The punishment does not fit the crime. South Africa has an endemic, growing and unique disease that is not only affecting the health of our country’s democratic structures, but is also an ill-conceived form of retribution for the lack of service delivery. Voter turnout continues to decline, but abstention is not the cure for consternation. It is a matter the North-West University (NWU) is hoping to address through its unique blend of teaching-learning initiatives.
The last number of election cycles – both nationally and locally – have seen a decline in voter turnout. Viewed through the prism of voter participation, the picture painted is obscure. Shouldn’t more voters turn out to voice their disdain if they feel empty promises continue to be made?
According to Naledi Modise, an expert at the NWU on voter behaviour, elections, electoral systems and political participation, this is a perplexing phenomenon. One, she says, that can be attributed to democratic dividends. Or rather, the lack thereof.
“We have seen fewer and fewer voters turn out with every election since about 2009. Firstly, it is a response to the socio-economic circumstances of the majority of the voters. This is due to a lack of democratic dividends. The majority feels that they are not really receiving the benefits of the democracy that they were promised. Their socio-economic status and circumstances have not really improved. Secondly, there is a decreased faith in or even a distrust of the democratic institutions that were established during the transition to democracy.”
Now, South Africa’s largest voting bloc is non-voters, and accountability for the dilemma as well as solutions are needed.
“The lack of delivery in terms of improving the social circumstances of the people who vote for them is the responsibility of those in government and of the governing party, which is the ANC. What you also see with the decline of voter turnout is a protest against the ANC with regard to services the voters have not received. So, instead of voting, they choose not to.”
However, this is not where the buck stops.
“The opposition parties need to understand that they are also responsible because they have not been able to stimulate or engage the electorate in such a way that the electorate sees them as viable alternatives. The political parties within the country have different responsibilities and to a large extent they have all failed in fulfilling those responsibilities.”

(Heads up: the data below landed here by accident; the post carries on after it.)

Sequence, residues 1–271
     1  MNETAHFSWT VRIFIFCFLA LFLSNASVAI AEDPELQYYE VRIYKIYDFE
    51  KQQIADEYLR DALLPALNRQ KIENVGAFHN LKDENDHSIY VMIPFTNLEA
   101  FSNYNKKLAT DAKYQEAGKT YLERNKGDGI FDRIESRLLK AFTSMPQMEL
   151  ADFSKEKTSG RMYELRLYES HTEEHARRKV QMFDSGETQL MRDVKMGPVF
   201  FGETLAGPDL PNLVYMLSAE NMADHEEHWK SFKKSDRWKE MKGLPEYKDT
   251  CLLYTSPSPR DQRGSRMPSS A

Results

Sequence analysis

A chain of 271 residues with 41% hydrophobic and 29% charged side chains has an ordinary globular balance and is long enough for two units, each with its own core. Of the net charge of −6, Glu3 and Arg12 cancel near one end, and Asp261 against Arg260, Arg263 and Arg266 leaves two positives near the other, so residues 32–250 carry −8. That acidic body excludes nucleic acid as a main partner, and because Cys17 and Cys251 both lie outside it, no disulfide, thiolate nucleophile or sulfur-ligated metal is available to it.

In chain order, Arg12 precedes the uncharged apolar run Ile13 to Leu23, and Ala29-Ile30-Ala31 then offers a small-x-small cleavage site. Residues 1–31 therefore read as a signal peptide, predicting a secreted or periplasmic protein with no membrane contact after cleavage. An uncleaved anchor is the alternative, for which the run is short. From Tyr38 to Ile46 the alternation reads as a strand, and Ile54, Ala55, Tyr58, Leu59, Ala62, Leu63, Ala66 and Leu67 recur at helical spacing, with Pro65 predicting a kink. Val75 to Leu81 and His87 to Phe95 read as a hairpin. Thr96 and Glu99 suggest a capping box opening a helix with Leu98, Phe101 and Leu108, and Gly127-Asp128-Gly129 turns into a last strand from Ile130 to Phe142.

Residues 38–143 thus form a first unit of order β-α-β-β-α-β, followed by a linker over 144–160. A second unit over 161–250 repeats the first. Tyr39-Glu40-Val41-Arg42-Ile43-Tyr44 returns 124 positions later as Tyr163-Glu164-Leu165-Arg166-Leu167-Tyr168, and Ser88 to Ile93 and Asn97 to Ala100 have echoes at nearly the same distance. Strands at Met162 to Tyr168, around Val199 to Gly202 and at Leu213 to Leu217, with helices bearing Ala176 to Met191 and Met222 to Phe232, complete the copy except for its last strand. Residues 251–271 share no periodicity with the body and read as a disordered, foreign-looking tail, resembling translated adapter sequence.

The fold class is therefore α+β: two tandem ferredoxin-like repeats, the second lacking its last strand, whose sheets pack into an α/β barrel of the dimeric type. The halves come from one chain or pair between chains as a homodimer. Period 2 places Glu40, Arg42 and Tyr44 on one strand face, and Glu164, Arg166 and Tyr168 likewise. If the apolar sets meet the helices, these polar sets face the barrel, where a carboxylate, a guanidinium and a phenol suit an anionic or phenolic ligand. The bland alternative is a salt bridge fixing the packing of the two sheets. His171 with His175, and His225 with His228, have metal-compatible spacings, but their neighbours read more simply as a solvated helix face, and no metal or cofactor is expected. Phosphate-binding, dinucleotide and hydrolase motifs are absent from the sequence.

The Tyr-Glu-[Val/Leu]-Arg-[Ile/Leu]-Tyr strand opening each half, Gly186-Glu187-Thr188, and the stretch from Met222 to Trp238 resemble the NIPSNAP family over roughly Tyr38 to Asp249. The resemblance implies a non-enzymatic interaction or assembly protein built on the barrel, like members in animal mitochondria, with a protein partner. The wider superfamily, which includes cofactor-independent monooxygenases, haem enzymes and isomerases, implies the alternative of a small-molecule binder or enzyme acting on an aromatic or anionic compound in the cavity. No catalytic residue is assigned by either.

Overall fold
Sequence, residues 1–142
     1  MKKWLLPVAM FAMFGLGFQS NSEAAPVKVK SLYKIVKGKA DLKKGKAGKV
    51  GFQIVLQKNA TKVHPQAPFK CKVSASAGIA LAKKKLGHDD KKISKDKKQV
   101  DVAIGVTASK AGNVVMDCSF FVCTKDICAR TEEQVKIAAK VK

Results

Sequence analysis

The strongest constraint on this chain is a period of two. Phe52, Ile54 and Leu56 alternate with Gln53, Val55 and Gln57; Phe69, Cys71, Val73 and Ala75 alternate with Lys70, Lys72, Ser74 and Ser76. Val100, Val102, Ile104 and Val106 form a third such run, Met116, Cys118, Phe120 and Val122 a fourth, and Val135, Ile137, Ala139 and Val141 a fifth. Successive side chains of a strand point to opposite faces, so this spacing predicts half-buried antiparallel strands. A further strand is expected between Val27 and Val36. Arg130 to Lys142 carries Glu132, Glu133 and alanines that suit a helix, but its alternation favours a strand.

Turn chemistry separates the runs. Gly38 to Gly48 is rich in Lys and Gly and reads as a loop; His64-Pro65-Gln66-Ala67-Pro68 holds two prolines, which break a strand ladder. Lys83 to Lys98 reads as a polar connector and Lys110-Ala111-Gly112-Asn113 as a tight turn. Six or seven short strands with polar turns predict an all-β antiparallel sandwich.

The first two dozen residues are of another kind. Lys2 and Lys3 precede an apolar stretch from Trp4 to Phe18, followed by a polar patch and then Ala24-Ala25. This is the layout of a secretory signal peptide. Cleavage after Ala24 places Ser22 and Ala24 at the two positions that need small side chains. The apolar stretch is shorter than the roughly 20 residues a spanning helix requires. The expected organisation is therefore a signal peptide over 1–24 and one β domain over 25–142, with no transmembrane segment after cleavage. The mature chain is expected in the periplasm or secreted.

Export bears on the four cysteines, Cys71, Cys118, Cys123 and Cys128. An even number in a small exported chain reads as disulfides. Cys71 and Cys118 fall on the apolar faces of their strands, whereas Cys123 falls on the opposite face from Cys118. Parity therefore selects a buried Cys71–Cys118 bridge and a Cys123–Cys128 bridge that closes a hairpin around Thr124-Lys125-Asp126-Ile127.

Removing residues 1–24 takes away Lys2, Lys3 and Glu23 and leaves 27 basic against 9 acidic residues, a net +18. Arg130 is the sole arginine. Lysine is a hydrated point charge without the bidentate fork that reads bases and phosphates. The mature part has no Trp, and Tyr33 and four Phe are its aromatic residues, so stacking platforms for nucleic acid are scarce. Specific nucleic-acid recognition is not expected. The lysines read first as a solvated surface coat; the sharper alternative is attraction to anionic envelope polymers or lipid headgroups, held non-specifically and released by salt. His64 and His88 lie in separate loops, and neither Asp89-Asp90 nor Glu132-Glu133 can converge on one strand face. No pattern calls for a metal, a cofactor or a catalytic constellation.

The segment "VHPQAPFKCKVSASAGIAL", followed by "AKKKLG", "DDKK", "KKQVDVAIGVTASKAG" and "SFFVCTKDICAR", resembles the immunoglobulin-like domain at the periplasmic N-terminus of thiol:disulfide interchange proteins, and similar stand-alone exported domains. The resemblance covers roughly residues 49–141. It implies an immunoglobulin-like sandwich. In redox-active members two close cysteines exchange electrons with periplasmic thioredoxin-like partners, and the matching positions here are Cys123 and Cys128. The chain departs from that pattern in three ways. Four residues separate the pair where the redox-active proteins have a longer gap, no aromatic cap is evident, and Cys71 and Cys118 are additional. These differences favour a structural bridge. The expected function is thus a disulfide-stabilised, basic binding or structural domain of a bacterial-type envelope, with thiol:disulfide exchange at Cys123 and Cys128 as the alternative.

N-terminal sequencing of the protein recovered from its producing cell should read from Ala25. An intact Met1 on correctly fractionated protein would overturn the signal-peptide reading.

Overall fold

A solution is through voter education, as it allows the voting public to execute their civic responsibilities in an informed manner. The NWU believes in following both the formal and the informal route to accomplish this.
The university’s School of Government Studies in the Faculty of Humanities provides students with an understanding of the theory and practice of government, the nature of politics, policymaking and public administration, as well as foreign policy and government security. Students studying for this degree are those who want to make a positive impact on a rapidly changing society, and they are eager to develop the knowledge, skills and attitudes to help them make that contribution.
“Rectifying voter behaviour is going to be mammoth task. We need people to register to vote and we need them to understand their civic duties. One of the ways to do that is to create social
programmes that teach people what the importance of voting is, as opposed to deciding not to vote at all when they are unhappy with the political party they have elected to office. I think that is what the missing link is. Also, we need to create more collaborative spaces for institutions like the Independent Electoral Commission (IEC) to share initiatives such as voter registration. The more we create opportunities for the public to engage with non-partisan institutions like the IEC, the better,” says Modise.
What punishment fits the crime, then?
The punishment is choosing to be informed. The punishment is participation.